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This chapter is from the book

Communicating with the Main Thread

When a Qt application starts, only one thread is running—the main thread. This is the only thread that is allowed to create the QApplication or QCoreApplication object and call exec() on it. After the call to exec(), this thread is either waiting for an event or processing an event.

The main thread can start new threads by creating objects of a QThread subclass, as we did in the previous section. If these new threads need to communicate among themselves, they can use shared variables together with mutexes, read-write locks, semaphores, or wait conditions. But none of these techniques can be used to communicate with the main thread, since they would lock the event loop and freeze the user interface.

The solution for communicating from a secondary thread to the main thread is to use signal–slot connections across threads. Normally, the signals and slots mechanism operates synchronously, meaning that the slots connected to a signal are invoked immediately when the signal is emitted, using a direct function call.

However, when we connect objects that "live" in different threads, the mechanism becomes asynchronous. (This behavior can be changed through an optional fifth parameter to QObject::connect().) Behind the scenes, these connections are implemented by posting an event. The slot is then called by the event loop of the thread in which the receiver object exists. By default, a QObject exists in the thread in which it was created; this can be changed at any time by calling QObject::moveToThread().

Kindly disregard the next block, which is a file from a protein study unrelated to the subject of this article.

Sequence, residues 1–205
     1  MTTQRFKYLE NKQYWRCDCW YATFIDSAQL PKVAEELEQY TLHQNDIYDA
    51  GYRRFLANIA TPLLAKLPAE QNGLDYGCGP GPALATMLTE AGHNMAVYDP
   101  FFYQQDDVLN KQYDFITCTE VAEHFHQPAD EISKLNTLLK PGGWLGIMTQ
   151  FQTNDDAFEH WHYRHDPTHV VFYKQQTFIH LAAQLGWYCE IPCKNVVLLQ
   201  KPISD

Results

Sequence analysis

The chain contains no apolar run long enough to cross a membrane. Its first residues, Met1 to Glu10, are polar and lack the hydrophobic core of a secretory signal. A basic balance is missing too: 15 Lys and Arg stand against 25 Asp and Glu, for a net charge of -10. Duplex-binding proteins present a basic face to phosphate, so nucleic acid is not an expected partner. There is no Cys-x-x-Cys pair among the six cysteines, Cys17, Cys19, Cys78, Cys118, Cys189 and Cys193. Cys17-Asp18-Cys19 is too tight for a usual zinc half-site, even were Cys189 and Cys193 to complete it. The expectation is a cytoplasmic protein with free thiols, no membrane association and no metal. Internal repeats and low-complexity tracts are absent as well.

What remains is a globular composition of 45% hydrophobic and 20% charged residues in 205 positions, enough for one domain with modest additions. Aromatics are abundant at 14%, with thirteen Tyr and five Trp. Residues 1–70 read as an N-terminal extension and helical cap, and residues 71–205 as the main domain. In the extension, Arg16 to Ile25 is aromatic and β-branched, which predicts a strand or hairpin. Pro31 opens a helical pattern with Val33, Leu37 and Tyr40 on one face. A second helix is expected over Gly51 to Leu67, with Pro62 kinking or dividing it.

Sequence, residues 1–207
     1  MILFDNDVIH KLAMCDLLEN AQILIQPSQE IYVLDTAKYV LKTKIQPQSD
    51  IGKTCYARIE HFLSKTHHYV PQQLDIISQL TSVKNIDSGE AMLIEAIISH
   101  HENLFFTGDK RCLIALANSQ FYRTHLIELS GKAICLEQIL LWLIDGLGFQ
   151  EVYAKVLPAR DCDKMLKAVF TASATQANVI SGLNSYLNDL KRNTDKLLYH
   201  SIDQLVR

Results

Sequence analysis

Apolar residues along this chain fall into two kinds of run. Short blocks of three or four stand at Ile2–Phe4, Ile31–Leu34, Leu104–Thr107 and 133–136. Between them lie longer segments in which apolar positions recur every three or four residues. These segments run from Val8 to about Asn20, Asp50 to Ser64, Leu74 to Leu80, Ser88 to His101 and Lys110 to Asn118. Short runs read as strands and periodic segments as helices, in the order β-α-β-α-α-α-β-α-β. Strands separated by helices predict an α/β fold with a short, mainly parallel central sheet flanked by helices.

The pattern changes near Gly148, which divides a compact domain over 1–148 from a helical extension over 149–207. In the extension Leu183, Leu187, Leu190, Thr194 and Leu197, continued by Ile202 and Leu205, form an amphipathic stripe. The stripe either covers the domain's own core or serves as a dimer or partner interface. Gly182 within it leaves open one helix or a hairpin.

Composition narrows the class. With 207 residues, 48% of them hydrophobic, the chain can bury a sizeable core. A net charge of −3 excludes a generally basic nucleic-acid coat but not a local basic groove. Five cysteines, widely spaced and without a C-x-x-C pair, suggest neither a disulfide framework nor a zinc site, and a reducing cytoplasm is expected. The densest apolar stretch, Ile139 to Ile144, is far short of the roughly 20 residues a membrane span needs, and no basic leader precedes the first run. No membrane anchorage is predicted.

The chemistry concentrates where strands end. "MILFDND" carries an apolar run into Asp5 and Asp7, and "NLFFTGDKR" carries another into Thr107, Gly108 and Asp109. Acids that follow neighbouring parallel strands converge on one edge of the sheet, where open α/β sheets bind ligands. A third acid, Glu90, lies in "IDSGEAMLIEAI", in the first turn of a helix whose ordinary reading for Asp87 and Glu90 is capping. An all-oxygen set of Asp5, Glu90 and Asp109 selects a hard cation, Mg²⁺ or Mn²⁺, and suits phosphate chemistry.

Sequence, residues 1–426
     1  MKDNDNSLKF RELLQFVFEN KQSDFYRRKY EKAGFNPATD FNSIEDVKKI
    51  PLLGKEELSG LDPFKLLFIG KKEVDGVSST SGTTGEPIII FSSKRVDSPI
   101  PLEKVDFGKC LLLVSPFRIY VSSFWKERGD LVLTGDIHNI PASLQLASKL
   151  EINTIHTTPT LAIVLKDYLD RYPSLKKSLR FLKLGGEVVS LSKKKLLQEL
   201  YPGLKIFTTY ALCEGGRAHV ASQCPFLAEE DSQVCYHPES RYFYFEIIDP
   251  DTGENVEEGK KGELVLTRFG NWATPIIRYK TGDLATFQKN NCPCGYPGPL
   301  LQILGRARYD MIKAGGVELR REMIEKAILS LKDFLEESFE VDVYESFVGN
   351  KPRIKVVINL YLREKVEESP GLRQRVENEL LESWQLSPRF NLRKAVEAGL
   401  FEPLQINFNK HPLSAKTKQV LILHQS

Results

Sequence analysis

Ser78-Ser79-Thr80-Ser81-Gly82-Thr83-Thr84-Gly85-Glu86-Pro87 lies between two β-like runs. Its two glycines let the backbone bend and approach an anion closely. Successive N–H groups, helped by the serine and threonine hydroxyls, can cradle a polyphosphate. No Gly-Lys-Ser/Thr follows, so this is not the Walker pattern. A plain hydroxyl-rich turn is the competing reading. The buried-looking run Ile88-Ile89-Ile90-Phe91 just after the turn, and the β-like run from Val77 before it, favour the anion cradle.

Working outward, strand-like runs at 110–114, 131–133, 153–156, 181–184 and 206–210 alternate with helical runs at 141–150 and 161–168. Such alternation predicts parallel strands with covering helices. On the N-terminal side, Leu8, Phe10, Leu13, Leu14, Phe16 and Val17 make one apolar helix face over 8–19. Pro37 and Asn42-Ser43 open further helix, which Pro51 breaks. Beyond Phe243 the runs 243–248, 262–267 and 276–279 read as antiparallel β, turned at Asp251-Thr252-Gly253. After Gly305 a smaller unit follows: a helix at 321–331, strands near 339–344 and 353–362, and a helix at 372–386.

To illustrate how signal–slot connections across threads work, we will review the code of the Image Pro application, a basic image processing application that allows the user to rotate, resize, and change the color depth of an image. The application (shown in Figure 14.3), uses one secondary thread to perform operations on images without locking the event loop. This makes a significant difference when processing very large images. The secondary thread has a list of tasks, or "transactions", to accomplish and sends events to the main window to report progress.

ImageWindow::ImageWindow()
{
    imageLabel = new QLabel;
    imageLabel->setBackgroundRole(QPalette::Dark);
    imageLabel->setAutoFillBackground(true);
    imageLabel->setAlignment(Qt::AlignLeft | Qt::AlignTop);
    setCentralWidget(imageLabel);

    createActions();
    createMenus();

    statusBar()->showMessage(tr("Ready"), 2000);

    connect(&thread, SIGNAL(transactionStarted(const QString &)),
            statusBar(), SLOT(showMessage(const QString &)));
    connect(&thread, SIGNAL(allTransactionsDone()),
            this, SLOT(allTransactionsDone()));

    setCurrentFile("");
}
imagepro.jpg

Figure 14.3 The Image Pro application

The interesting part of the ImageWindow constructor is the two signal–slot connections. Both of them involve signals emitted by the TransactionThread object, which we will cover in a moment.

void ImageWindow::flipHorizontally()
{
    addTransaction(new FlipTransaction(Qt::Horizontal));
}

The flipHorizontally() slot creates a "flip" transaction and registers it using the private function addTransaction(). The flipVertically(), resizeImage(), convertTo32Bit(), convertTo8Bit(), and convertTo1Bit() functions are similar.

void ImageWindow::addTransaction(Transaction *transact)
{
    thread.addTransaction(transact);
    openAction->setEnabled(false);
    saveAction->setEnabled(false);
    saveAsAction->setEnabled(false);
}

The addTransaction() function adds a transaction to the secondary thread's transaction queue and disables the Open, Save, and Save As actions while transactions are being processed.